ATHENS: Greece got the green light on Wednesday to start repaying its debts and reviving its economy after eurozone finance ministers formally approved a third reforms-for-rescue of up to 86 billion euros.
A source close to the matter said Greece would receive a sum of 23 billion euros ($25.5 billion) on Thursday morning, thereby allowing Athens to make a loan repayment of 3.4 billion euros due the same day to the European Central Bank.
The all-clear from the finance ministers in the 19-country eurozone came after the new bailout was approved by European parliaments, including the Bundestag of Germany, Greece’s effective paymaster.
“This agreement provides perspective for the Greek economy and a basis for sustainable growth,” said Jeroen Dijsselbloem, the Dutch finance minister who chairs the so-called Eurogroup.
“The Greek government is bound to implementing this wide-ranging reform package with determination and we will monitor the process closely,” Dijsselbloem said in a statement.
“We are certain to encounter problems in the coming years but I trust we will be able to tackle them,” he added.
Pending endorsement from key national parliaments, Dijsselbloem and the other eurozone finance ministers had on 14 August approved the bailout to keep Greece in the single currency bloc, pay its bills and revive its shattered economy.
The German parliament voted by an overwhelming majority on Wednesday to back the third bailout, with Chancellor Angela Merkel spared a major rebellion of deputies opposing the aid.
Interrupting their holidays for the second time this summer to cast ballots on a Greek rescue, lawmakers in the Bundestag lower house approved the 86 billion euro ($95 billion) rescue plan by 453 votes to 113. Eighteen abstained.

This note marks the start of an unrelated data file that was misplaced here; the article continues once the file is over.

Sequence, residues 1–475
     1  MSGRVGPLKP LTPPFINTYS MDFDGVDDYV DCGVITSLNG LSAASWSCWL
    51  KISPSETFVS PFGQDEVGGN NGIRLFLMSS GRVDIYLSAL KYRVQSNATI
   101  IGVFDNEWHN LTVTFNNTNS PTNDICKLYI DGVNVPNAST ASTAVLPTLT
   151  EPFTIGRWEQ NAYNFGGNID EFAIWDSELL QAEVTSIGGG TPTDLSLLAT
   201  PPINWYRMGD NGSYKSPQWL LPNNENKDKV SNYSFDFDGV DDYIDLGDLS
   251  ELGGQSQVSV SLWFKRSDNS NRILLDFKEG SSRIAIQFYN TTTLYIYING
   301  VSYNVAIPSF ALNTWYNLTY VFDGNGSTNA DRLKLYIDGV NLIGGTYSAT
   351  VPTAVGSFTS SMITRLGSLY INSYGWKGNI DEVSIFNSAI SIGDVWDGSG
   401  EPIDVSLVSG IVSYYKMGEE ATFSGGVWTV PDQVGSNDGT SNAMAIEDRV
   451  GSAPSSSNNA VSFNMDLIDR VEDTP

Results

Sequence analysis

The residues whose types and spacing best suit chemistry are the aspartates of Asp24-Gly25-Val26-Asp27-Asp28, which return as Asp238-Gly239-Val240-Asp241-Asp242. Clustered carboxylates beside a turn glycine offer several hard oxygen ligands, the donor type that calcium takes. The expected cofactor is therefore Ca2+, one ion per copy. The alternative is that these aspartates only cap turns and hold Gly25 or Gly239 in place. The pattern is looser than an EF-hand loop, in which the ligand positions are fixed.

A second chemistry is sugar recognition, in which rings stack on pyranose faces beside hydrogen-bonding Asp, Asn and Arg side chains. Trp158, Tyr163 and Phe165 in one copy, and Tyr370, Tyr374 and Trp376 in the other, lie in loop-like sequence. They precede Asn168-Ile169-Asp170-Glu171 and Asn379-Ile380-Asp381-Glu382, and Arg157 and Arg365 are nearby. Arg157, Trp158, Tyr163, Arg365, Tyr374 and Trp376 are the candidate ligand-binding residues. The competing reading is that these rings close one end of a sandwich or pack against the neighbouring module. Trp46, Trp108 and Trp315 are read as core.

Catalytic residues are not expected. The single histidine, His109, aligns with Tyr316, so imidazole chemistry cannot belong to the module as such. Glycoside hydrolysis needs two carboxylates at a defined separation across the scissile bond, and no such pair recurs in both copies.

While passage was virtually guaranteed given the dominance of Merkel’s left-right “grand coalition”, the key question was whether the chancellor would face damaging dissent within her own camp.
In the end, 63 conservative rebels cast ‘No’ ballots and three abstained, marking only a slight increase from a vote last month approving the start of negotiations on the package.
At that time, 60 of the chancellor’s MPs voted ‘No’ and five abstained. The mass-market Bild newspaper had predicted up to 120 deputies could revolt during Wednesday’s vote.
Meanwhile Dutch Prime Minister Mark Rutte was grilled in parliament on Wednesday for his cabinet’s support for the bailout, with the opposition accusing him of having “betrayed his electorate” by breaking his promise that no more money would go to Greece.
Greek Prime Minister Alexis Tsipras was on Wednesday mulling whether to early elections after the austerity bailout split his radical left Syriza party, leaving him powerless to push further reform bills through parliament.
A decision is expected next week.
Tsipras rode to power in January on a wave of popular anger against the tax hikes, spending cuts and reforms demanded by creditors in exchange for two previous bailouts costing 240 billion euros.
Tsipras has said that Greece’s creditors – the European Union, European Central Bank, International Monetary Fund and the European Stability Mechanism – have agreed to discuss public debt relief measures when a first assessment of reform compliance is completed in November.
The debt currently stands at 312.8 billion euros, the finance ministry said Wednesday.
The Greek premier has also called for the European Parliament (EP) join the quartet of creditors in overseeing the recently-approved bailout deal.
The request was made in a letter sent on Wednesday to EP president Martin Schulz in which Tsipras requested the “direct and full involvement of the EP — as the fifth actor in the context of the so-called creditors’ quartet”.
The initial 23 billion euro payment will see 10 billion euros placed in a fund to recapitalise Greek banks while another 13 billion euros will be partly used to pay back both the ECB and to cover an EU bridging loan of 7.16 billion euros, which was given in July to allow Athens to honour previous commitments to the ECB and the IMF.
The bailout accord goes far beyond economic management to include an extensive overhaul of Greece’s health and social welfare systems plus its business practices and public administration.
Seemingly small details of daily life will also be affected by the new rules, from visits to the doctor to an extension of the expiry dates on pasteurised milk in the supermarkets.